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Telomere length dynamics and the evolution of cancer genome architecture

Cleal, Kez, Norris, Kevin and Baird, Duncan 2018. Telomere length dynamics and the evolution of cancer genome architecture. International Journal of Molecular Sciences 19 (2) , p. 482. 10.3390/ijms19020482

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Abstract

Telomeres are progressively eroded during repeated rounds of cell division due to the end replication problem but also undergo additional more substantial stochastic shortening events. In most cases, shortened telomeres induce a cell-cycle arrest or trigger apoptosis, although for those cells that bypass such signals during tumour progression, a critical length threshold is reached at which telomere dysfunction may ensue. Dysfunction of the telomere nucleoprotein complex can expose free chromosome ends to the DNA double-strand break (DSB) repair machinery, leading to telomere fusion with both telomeric and non-telomeric loci. The consequences of telomere fusions in promoting genome instability have long been appreciated through the breakage–fusion–bridge (BFB) cycle mechanism, although recent studies using high-throughput sequencing technologies have uncovered evidence of involvement in a wider spectrum of genomic rearrangements including chromothripsis. A critical step in cancer progression is the transition of a clone to immortality, through the stabilisation of the telomere repeat array. This can be achieved via the reactivation of telomerase, or the induction of the alternative lengthening of telomeres (ALT) pathway. Whilst telomere dysfunction may promote genome instability and tumour progression, by limiting the replicative potential of a cell and enforcing senescence, telomere shortening can act as a tumour suppressor mechanism. However, the burden of senescent cells has also been implicated as a driver of ageing and age-related pathology, and in the promotion of cancer through inflammatory signalling. Considering the critical role of telomere length in governing cancer biology, we review questions related to the prognostic value of studying the dynamics of telomere shortening and fusion, and discuss mechanisms and consequences of telomere-induced genome rearrangements.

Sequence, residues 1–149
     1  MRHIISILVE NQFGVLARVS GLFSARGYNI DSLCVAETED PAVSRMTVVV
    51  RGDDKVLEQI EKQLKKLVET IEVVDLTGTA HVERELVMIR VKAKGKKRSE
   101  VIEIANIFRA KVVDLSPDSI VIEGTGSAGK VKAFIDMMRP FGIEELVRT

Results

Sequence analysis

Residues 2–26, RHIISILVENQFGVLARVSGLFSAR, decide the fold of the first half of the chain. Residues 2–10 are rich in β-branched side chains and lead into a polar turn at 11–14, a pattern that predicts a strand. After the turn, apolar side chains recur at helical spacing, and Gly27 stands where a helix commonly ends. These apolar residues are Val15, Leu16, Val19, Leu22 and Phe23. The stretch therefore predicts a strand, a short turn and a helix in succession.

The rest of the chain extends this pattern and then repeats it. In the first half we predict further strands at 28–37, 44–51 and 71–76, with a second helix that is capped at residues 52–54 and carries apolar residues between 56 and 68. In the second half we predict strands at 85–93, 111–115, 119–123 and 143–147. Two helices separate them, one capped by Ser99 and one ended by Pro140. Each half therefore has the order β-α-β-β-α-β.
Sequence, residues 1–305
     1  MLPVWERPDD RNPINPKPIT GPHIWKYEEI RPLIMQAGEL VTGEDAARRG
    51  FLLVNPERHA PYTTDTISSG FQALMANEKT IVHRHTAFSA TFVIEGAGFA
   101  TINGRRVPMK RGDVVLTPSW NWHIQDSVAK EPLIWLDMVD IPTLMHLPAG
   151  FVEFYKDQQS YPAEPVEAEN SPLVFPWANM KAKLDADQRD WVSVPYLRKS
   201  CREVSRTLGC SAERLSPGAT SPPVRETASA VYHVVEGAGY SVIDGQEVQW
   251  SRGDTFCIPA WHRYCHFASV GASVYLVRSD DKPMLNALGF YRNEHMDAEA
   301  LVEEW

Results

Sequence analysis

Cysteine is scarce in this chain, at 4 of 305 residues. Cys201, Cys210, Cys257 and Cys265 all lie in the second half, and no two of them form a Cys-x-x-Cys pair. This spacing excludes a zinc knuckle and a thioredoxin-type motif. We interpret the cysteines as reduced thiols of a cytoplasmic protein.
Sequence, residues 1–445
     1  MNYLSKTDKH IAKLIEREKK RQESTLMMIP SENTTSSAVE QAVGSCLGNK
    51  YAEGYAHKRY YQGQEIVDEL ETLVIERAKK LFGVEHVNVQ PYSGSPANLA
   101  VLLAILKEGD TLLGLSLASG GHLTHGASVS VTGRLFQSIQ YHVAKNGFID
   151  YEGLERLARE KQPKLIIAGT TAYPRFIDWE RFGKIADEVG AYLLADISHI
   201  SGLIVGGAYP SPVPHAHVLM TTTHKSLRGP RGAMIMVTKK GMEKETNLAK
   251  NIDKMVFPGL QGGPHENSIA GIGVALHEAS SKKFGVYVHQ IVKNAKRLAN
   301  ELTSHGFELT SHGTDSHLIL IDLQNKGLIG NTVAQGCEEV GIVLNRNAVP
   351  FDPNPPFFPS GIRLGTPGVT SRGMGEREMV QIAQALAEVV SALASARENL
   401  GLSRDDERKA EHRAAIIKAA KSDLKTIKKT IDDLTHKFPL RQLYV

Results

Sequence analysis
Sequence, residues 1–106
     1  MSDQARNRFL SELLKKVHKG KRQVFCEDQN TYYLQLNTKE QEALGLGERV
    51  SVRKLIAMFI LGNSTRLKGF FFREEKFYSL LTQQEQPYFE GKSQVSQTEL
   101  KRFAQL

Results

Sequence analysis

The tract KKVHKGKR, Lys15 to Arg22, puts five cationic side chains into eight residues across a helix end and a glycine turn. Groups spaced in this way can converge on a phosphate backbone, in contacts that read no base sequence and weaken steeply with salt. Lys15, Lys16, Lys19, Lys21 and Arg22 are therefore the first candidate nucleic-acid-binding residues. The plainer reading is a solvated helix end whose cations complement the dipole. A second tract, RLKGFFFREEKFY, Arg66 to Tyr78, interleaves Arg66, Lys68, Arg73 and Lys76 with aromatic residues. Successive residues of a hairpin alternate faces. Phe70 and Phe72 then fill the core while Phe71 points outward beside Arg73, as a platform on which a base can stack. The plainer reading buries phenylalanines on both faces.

Item Type: Article
Date Type: Publication
Status: Published
Schools: Medicine
Publisher: MDPI AG
ISSN: 1422-0067
Date of First Compliant Deposit: 9 March 2018
Date of Acceptance: 31 January 2018
Last Modified: 29 May 2019 22:16
URI: http://orca.cf.ac.uk/id/eprint/109783

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